Scientists have identified a factor in the brain, called Gpr17, that has a central role in regulation of appetite in mice. It is known that damage to the hypothalamus—a part of the brain that functions to connect the nervous system to the endocrine system—leads to changes in hunger, satiety, and physical activity. Hypothalamic neurons (nerve cells) that produce a protein called AgRP have been directly implicated in promoting feeding behavior: studies have demonstrated that activation of AgRP neurons rapidly increases food intake, while deletion of AgRP neurons causes cessation of feeding and results in starvation.
The hormones insulin and leptin have been previously shown to inhibit the activity of AgRP neurons, but disruption of insulin or leptin signaling specifically within these nerve cells has mild to no effect on feeding behavior, indicating that neither pathway has sole control over how these cells contribute to appetite regulation. In addition, obesity can lead to insulin and leptin resistance. Scientists sought to identify additional pathways in AgRP neuron-dependent food intake that could potentially be targeted by drug therapy to inhibit the activity of AgRP neurons.
A protein called FoxO1 integrates both leptin and insulin signaling, so the researchers generated genetically engineered mice that lack FoxO1 in AgRP neurons and looked to see if removing this protein affected the appetite of the mice. They found that mice lacking FoxO1 in their AgRP neurons are lean, eat less, and show improved glucose control, as well as increased sensitivity to insulin and leptin. Because FoxO1 is a poor drug target, the scientists sought to determine another target with better therapeutic prospects. To do so, they looked for genes whose activity was reduced in FoxO1-deficient AgRP neurons. They identified the gene encoding Gpr17 as a prominent FoxO1 target and found that inhibition of Gpr17, by injecting a chemical into mice, reduced food intake and increased brain sensitivity to hormones and nutrients.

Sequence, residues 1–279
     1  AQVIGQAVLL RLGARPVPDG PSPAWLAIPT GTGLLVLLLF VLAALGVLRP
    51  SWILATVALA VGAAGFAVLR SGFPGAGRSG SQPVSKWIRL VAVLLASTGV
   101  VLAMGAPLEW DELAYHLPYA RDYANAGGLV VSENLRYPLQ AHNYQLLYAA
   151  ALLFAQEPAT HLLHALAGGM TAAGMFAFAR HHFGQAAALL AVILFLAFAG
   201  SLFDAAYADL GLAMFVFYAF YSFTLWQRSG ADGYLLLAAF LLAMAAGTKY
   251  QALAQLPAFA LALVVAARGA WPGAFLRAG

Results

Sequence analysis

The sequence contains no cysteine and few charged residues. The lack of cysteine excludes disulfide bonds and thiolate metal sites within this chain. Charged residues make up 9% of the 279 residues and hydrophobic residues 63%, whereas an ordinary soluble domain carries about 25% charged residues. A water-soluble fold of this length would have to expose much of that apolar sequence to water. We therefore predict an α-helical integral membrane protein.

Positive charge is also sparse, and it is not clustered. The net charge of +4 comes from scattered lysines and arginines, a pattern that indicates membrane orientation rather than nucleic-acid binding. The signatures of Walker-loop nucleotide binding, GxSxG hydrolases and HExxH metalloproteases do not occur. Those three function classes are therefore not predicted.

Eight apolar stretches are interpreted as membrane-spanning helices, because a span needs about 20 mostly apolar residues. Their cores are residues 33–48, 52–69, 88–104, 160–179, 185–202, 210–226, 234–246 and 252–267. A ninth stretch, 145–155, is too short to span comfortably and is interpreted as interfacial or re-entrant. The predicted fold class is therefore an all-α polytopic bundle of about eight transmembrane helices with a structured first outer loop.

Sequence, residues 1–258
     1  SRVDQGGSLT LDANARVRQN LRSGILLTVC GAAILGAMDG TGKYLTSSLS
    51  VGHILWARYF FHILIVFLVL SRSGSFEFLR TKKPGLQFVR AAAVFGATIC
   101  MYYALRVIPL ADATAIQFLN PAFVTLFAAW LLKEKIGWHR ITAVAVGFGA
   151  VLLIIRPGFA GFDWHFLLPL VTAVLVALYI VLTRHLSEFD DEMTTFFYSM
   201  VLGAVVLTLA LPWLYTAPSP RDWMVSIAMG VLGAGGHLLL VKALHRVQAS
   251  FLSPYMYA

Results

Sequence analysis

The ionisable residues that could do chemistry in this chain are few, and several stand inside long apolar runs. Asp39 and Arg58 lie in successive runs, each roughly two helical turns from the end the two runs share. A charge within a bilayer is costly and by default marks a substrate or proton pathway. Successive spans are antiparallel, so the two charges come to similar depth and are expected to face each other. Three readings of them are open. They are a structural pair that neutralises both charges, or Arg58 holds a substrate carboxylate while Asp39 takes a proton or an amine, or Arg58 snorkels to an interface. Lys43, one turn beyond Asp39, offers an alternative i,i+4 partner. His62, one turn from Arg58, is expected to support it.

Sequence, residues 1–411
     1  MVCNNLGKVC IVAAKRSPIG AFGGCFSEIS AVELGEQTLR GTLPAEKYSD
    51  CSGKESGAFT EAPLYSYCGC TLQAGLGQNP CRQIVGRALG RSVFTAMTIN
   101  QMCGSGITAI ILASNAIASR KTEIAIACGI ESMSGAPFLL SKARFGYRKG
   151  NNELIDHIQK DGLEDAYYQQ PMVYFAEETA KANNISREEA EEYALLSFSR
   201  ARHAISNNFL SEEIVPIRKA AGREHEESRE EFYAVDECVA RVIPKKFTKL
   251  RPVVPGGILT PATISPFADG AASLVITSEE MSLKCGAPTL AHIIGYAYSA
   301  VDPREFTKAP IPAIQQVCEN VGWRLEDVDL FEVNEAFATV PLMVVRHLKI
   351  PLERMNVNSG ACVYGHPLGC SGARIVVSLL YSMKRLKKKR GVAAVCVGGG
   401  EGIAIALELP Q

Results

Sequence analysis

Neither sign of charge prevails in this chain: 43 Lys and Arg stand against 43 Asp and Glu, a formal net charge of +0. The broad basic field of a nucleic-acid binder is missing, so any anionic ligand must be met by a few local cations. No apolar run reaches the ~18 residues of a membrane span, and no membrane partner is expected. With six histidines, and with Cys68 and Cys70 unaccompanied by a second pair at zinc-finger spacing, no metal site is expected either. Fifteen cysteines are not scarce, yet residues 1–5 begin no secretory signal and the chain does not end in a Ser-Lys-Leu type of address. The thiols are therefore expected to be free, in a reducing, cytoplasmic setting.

Gpr17 is also found in humans and is part of a family of proteins that is considered “highly druggable”—a number of existing drugs work through this family. In addition, Gpr17 is abundant in AgRP neurons but not in other neurons, potentially minimizing unwanted drug side effects. Additional research will be necessary to demonstrate whether inhibition of Gpr17 leads to the same outcomes in humans, but these findings reveal a new signaling pathway with potential targets to control appetite and obesity.
Ren H, Orozco IJ, Su Y, et al. FoxO1 target Gpr17 activates AgRP neurons to regulate food intake. Cell 149: 1314-1326, 2012.